Honey Profiling will be an NMR-based screening method which evaluates parameters related to quality and authenticity from a single data set within minutes.
It delivers targeted and non-targeted analysis to identify and quantify honey characteristics, including sugar, acid and amino acid content as well as frauds such as addition of different types of syrup or other sugars.
The database for the Honey-Profiling contains thousands of samples due to support from Quality Services International and ALNuMed and will be updated with more samples in the future.
‘Anything expensive is target for fraud’
Dr Manfred Spraul, chief technology officer at Bruker BioSpin’s Applied, Industrial and Clinical (AIC) division, said the honey database was started three years ago and has passed 3,000 samples.
“We waited to get to this number in the database to have a selection before release, it is not sufficient to cover all areas but that will come in the next releases,” he told FoodQualityNews.
“Manuka honey is the most expensive in the market and the reason is methylglyoxal (MGO) which is supposed to have health benefit properties including against inflammation. Anything expensive is a target for fraud.
“We have 16,000 samples in wine from the past four to five years on the wine database and it is a similar project for honey and at a similar speed. For fruit juice we are at 24,000 samples.”
Statistical models allow analysis of origin authenticity, species purity, false labeling, production process control and sample similarity.
The models help with the analysis of authenticity according to honey variety (such as blossom, honeydew, linden, lavender, chestnut, pine) and according to geographical origin.
Honey fraud is possible in several ways such as adding sugar syrup, which shows larger sugar molecules and a different spectra pattern.
Benefits of NMR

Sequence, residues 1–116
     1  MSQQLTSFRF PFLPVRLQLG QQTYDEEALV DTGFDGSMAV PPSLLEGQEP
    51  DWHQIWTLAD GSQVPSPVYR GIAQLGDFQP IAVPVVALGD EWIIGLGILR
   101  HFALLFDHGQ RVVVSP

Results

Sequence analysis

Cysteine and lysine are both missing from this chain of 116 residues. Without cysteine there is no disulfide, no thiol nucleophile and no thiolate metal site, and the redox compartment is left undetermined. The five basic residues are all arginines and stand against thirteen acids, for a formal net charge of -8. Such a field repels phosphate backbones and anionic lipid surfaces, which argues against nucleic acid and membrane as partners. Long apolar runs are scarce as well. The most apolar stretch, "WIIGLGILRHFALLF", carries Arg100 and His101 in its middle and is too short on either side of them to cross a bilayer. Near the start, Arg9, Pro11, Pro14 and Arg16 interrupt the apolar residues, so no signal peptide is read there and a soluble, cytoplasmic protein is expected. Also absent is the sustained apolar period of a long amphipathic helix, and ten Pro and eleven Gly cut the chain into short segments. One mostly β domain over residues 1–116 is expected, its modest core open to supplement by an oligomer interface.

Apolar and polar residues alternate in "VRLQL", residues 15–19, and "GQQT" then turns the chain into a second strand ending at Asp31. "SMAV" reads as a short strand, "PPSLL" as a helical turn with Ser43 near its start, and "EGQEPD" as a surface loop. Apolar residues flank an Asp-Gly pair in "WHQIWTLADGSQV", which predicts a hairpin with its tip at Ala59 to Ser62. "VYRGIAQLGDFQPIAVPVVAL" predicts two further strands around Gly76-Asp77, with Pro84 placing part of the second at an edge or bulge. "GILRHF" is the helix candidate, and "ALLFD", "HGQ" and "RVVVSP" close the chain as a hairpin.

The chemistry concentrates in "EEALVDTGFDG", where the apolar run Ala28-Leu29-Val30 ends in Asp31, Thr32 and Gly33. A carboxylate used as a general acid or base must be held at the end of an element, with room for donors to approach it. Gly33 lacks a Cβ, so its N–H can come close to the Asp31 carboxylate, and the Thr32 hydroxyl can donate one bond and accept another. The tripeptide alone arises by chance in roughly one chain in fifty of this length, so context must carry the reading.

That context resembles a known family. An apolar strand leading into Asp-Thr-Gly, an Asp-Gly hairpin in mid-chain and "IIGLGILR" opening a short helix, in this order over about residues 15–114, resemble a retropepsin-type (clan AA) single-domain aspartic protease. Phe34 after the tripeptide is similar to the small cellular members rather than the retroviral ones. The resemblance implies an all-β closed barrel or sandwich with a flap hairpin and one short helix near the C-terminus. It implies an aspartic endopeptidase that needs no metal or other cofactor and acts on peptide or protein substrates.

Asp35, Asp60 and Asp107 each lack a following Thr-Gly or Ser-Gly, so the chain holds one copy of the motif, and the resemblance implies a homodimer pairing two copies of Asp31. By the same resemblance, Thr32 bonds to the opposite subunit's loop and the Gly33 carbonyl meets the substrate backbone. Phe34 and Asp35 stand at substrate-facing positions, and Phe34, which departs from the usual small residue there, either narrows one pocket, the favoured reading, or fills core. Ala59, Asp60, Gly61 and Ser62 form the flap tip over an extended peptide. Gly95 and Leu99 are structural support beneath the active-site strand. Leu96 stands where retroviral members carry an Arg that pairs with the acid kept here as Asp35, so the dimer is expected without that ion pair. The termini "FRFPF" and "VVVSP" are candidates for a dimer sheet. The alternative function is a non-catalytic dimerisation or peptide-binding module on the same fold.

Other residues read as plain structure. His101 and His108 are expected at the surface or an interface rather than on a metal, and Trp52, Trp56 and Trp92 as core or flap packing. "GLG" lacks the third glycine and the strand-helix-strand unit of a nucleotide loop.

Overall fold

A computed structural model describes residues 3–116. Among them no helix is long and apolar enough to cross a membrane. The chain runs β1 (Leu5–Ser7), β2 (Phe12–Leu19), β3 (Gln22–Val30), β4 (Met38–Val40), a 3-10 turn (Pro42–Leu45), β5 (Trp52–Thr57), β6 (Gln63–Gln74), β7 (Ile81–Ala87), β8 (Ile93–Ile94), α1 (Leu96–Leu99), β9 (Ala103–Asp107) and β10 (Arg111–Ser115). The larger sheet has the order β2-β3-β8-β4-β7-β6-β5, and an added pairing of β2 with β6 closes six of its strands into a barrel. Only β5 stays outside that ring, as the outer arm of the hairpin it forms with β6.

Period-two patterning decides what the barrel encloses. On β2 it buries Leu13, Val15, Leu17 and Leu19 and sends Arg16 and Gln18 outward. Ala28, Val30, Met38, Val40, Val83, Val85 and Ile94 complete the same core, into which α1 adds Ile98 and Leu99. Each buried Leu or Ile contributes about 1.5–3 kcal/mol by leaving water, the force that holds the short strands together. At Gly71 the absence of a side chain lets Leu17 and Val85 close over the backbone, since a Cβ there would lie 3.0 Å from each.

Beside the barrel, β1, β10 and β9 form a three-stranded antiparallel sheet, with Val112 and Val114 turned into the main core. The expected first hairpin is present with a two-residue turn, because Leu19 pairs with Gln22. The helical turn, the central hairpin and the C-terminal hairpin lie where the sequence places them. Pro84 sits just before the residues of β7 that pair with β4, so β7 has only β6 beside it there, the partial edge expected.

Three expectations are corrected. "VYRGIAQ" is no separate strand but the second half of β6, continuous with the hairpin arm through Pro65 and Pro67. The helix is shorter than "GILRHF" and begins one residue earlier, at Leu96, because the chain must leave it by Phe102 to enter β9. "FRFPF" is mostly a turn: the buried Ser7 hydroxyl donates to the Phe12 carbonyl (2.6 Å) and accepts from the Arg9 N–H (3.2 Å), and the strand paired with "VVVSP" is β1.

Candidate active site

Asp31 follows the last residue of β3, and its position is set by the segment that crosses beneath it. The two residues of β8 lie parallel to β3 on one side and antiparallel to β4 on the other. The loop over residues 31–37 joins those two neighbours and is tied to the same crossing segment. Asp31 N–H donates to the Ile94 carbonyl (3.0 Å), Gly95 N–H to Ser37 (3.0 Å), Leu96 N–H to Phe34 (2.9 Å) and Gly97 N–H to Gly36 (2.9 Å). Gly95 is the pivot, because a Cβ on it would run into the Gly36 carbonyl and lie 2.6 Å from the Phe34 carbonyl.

NMR is used in authenticity and food quality and is growing in use while it is still justified to use mass spectrometry for food safety, said Spraul.
“In honey we do not have global standards like in wine or official methods and different conditions in different countries lead to sample variability.
“With NMR we are not seeing everything, it is not as sensitive as mass spectrometry so we are not talking about pesticides which are beyond the limit of NMR but you can look for different parameters in one go. If you use another technique each additional step before measurement can lead to additional variation in samples.
“But a food safety example with NMR is the melamine scandal in China, this would have been detected in untargeted mode.”
Spraul said it will continue to build the samples in the honey database.
“There might be a new variety or geographic region that produces honey or we might have to respond to a new fraud.
“There are many other matrixes and we are looking at edible oils, olive oil is it virgin or extra virgin olive oil and is it from Italy or Greece because there was low harvesting last year for countries in the Mediterranean and a lack of material can lead to fraud.”
Prof. Dr Stephan Schwarzinger, managing director of ALNuMed in Germany, said honey is high in demand but low in supply due to a number of reasons.
“Consequently, the number of adulterated products in the market was strongly increasing in the recent years.
“Adulteration - including wrong declaration of the geographic origin - is becoming more difficult to prove by single parameters.
“Hence, in our experience a quantitative multi-parametric approach such as the NMR-based Honey-Profiling currently presents the best choice for proving the authenticity of a honey."
Bruker also released the second generation module of the FoodScreener for wine profiling at Pittcon.
It can determine geographical origin, grape variety, vintage year and possible water addition and the updated version includes France, Italy and Spain.